Geomagnetism

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We monitor the Earth's magnetic field. Using ground-based observatories, we provide continuous records of magnetic field variations; disseminate magnetic data to various governmental, academic, and private institutions; and conduct research into the nature of geomagnetic variations for purposes of scientific understanding and hazard mitigation.

Keeping the Lights On in North America

Keeping the Lights On in North America

Realtime geoelectric maps during a magnetic storm can assist utility companies with their operations and can help power-grid managers to make decisions that may minimize the impact to their systems.

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Risk of Once-Per-Century Geomagnetic Superstorm in NE United States

Risk of Once-Per-Century Geomagnetic Superstorm in NE United States

A new report and map published by the U.S. Geological Survey provides critical insight to electric power grid operators across the northeastern United States in the event of a once-per-century magnetic superstorm.  

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Auroras and Earthquakes: Strange Companions

Auroras and Earthquakes: Strange Companions

In a win-win situation for both seismologists and space physicists, a cheap magnetometer at a seismic station can result in better seismic data for earthquakes and also more geomagnetic data in real time for monitoring space weather.

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News

Date published: July 22, 2021

Down to Earth: Complexities of Geology Affect Nuclear Electromagnetic Pulse Hazard 

Geoelectric hazards generated by a nuclear explosion at the outer edge of Earth’s atmosphere can be strongly affected by the electrical conductivity of rock structures beneath the Earth's surface, according to a study led by the U.S. Geological Survey.  

March 26, 2021

The Monitor newsletter - Vol. 2 | Issue Spring 2021

In this issue: When will Mauna Loa next Erupt?, ShakeOut rollout to the Pacific Northwest, Big Sur Landslides, new storymaps for earthquakes and wildfire science, expanding coverage of the "Total Water Level and Coastal Change Forecast" tools, New Reducing Risk 2021 projects, and more.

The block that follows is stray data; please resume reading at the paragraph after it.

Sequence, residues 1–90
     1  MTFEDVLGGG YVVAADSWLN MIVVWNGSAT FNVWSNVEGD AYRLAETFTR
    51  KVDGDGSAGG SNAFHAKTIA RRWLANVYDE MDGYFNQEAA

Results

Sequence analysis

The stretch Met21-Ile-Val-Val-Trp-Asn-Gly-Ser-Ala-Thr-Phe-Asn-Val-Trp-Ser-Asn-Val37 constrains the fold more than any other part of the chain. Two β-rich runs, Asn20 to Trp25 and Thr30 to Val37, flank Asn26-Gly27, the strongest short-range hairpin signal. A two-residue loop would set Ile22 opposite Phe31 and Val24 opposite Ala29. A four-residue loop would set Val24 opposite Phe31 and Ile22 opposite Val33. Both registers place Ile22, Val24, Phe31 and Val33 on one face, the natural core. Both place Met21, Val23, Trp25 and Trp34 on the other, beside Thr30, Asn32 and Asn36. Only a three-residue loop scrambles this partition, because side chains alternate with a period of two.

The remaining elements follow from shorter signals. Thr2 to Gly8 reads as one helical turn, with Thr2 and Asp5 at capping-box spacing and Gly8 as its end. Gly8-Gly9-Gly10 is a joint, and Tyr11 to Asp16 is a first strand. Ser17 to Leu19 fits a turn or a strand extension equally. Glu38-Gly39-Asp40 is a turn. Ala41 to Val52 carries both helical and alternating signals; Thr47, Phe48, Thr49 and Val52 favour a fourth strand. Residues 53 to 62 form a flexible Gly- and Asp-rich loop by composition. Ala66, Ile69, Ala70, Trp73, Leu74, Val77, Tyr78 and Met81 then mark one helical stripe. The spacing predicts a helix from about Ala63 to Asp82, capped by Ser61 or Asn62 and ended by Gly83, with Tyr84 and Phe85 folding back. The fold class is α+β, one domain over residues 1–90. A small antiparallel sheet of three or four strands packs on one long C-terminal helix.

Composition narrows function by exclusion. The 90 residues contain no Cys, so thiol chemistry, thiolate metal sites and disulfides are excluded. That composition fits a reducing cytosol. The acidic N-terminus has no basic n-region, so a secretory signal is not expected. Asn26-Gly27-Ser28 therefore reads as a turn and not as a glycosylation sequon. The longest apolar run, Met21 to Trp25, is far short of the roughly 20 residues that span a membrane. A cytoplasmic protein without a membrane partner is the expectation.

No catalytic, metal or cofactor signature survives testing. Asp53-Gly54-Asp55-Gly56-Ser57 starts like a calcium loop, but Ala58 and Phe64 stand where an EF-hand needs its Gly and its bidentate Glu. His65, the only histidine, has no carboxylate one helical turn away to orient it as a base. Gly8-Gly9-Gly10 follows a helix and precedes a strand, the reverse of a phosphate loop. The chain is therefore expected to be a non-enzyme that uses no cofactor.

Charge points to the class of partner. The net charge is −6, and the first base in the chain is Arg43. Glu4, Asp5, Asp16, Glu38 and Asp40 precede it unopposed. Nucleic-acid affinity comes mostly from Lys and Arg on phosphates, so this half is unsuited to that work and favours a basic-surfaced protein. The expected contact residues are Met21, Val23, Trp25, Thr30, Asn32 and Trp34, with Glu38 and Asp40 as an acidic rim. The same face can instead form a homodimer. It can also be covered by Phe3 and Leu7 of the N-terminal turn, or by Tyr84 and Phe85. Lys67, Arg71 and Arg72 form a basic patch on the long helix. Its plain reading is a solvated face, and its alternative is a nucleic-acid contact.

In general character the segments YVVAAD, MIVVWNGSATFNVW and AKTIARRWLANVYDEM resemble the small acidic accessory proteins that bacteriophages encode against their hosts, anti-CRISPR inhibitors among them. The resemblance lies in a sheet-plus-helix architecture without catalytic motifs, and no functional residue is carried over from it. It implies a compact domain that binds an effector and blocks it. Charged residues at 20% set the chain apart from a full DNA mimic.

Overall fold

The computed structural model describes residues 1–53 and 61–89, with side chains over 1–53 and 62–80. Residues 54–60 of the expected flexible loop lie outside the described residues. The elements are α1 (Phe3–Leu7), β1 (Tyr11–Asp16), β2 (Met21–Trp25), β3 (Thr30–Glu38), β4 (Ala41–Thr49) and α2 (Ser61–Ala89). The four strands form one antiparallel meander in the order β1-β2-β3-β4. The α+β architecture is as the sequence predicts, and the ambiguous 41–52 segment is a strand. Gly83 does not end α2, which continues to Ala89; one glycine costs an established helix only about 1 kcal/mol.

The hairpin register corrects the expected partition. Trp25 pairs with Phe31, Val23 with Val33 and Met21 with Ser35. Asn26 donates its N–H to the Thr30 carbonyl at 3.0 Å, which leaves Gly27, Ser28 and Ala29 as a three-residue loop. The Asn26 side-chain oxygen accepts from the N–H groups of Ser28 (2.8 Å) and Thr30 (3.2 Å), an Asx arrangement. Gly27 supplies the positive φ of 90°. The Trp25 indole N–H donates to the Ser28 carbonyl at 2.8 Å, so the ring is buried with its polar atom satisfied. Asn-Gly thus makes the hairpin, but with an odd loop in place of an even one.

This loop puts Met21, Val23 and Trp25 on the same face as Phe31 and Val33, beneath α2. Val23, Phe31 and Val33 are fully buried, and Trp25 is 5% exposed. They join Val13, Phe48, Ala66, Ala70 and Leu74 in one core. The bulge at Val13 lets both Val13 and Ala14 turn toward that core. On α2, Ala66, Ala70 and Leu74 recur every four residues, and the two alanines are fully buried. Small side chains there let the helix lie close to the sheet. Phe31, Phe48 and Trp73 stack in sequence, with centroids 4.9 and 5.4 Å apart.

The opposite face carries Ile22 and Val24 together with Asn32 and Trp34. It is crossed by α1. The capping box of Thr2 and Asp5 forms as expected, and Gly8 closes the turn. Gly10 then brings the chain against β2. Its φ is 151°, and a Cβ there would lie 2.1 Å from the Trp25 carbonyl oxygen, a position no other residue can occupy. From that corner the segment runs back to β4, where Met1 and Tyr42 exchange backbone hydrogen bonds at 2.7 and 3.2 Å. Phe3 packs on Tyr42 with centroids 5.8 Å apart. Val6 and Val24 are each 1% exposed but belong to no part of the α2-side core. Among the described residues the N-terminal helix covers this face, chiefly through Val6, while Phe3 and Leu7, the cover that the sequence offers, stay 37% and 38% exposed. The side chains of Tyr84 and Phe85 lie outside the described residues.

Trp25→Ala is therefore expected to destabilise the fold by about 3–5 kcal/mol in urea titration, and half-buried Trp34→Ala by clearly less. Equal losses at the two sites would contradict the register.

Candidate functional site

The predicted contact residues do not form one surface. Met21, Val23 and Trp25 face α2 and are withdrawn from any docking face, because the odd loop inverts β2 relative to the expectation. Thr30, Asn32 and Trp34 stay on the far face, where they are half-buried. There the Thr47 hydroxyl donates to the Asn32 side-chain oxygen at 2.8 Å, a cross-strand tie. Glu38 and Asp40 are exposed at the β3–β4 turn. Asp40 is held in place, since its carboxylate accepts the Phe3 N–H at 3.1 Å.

Publications

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Year Published: 2021

Geomagnetic monitoring in the mid-Atlantic United States

Near historic battlegrounds of the American Civil War, southeast of Fredericksburg, Virginia, on a secluded grassy glade surrounded by forest, a specially designed observatory records the Earth’s changing magnetic field. This facility, the Fredericksburg Magnetic Observatory, is 1 of 14 observatories the U.S. Geological Survey Geomagnetism Program...

Love, Jeffrey J.; Lewis, Kristen A.
Love, J.J., and Lewis, K.A., 2021, Geomagnetic monitoring in the mid-Atlantic United States: U.S. Geological Survey Fact Sheet 2021-3001, 2 p., https://doi.org/10.3133/fs20213001.

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Year Published: 2021

Electrical conductivity of the lithosphere-asthenosphere system

Electromagnetic geophysical methods image the electrical conductivity of the subsurface. Electrical conductivity is an intrinsic material property that is sensitive to temperature, composition, porosity, volatile and/or melt content, and other physical properties relevant to the solid Earth. Therefore, imaging the electrical structure of...

Naif, Samer; Selway, Kate; Murphy, Benjamin Scott; Egbert, Gary D.; Pommier, Anne

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Year Published: 2020

Simultaneous observations of geoelectric and geomagnetic fields produced by magnetospheric ULF waves

Geomagnetic perturbations (BGEO) related to magnetospheric ultralow frequency (ULF) waves induce electric fields within the conductive Earth—geoelectric fields (EGEO)—that in turn drive geomagnetically induced currents. Though numerous past studies have examined ULF wave BGEO from a space weather perspective, few studies have linked ULF...

Hartinger, M. D.; Shih, X. R.; Lucas, G.; Murphy, Benjamin Scott; Kelbert, Anna; Baker, J.B.H.; Rigler, E. Joshua; Bedrosian, Paul A.